(Repeats NOV 6 story, no change to text)
* Ruling may help Spanish bank stocks on Wednesday
* Banking association applauds decision
* Consumer associations call it into question
By Jesús Aguado
MADRID, Nov 6 (Reuters) - Spain’s Supreme Court ruled on Tuesday that banks are not required to pay stamp duty on mortgages, sparing them from potentially having to reimburse billions of euros to borrowers who for years have paid the tax themselves.
The decision reverses a ruling in mid-October in which the Supreme Court upset the status quo by declaring that banks, not their customers, were legally responsible for the tax - spelling a potential windfall for borrowers but a big risk for banks which lobbied hard against the change over the past weeks.
The ruling in October called into question a law from two decades ago that stated that customers had to pay stamp duty on mortages.
Though the ruling in October was considered final, a special section of the Supreme Court has been deliberating for the last two days whether to reverse that ruling.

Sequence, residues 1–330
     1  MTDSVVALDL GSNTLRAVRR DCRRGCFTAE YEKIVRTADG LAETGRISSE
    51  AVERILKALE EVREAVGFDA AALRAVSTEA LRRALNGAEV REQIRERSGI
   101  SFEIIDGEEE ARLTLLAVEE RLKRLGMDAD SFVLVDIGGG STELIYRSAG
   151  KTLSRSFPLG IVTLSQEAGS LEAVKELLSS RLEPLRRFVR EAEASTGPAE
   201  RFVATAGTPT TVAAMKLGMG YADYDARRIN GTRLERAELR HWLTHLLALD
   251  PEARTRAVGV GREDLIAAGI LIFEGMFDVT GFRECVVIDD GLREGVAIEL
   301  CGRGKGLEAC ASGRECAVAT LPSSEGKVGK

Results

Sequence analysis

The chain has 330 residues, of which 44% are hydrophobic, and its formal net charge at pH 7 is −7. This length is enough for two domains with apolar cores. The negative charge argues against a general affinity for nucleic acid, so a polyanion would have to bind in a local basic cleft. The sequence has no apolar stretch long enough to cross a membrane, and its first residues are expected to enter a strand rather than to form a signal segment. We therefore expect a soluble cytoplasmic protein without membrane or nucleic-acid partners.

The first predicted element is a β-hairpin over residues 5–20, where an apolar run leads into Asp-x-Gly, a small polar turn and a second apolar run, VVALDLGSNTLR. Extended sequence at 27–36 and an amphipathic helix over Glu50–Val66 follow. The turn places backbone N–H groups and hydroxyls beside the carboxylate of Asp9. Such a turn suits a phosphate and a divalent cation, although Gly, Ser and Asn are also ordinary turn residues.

The court said on Tuesday it would publish the entire ruling in the coming days.
Labour minister Magadalena Valerio said the government would respect the judicial resolution.
The Spanish banking association AEB welcomed Tuesday’s ruling, saying it was in line with legal framework in other European countries.
Consumer organisation OCU said the ruling was “embarrassing” and called into question the independence of judiciary.
Another consumer body, Adicae, said it would seek to getting the ruling overturned.
“We will appeal today’s decision before the Spanish or European judicial authorities and expect to go ahead with other class-actions,” Adicae head Manuel Pardos said, noting that the Supreme Court judges were split on the matter, with just 15 voting in favour of the ruling and 13 against.
Spanish bank shares fell sharply after the court’s October decision which analysts and ratings agencies said made banks liable for compensation costs estimated between 600 million euros and more than 15 billion euros ($69 million-$17 billion). ($1 = 0.8756 euros) (Reporting By Jesus Aguado Editing by David Goodman and Robin Pomeroy)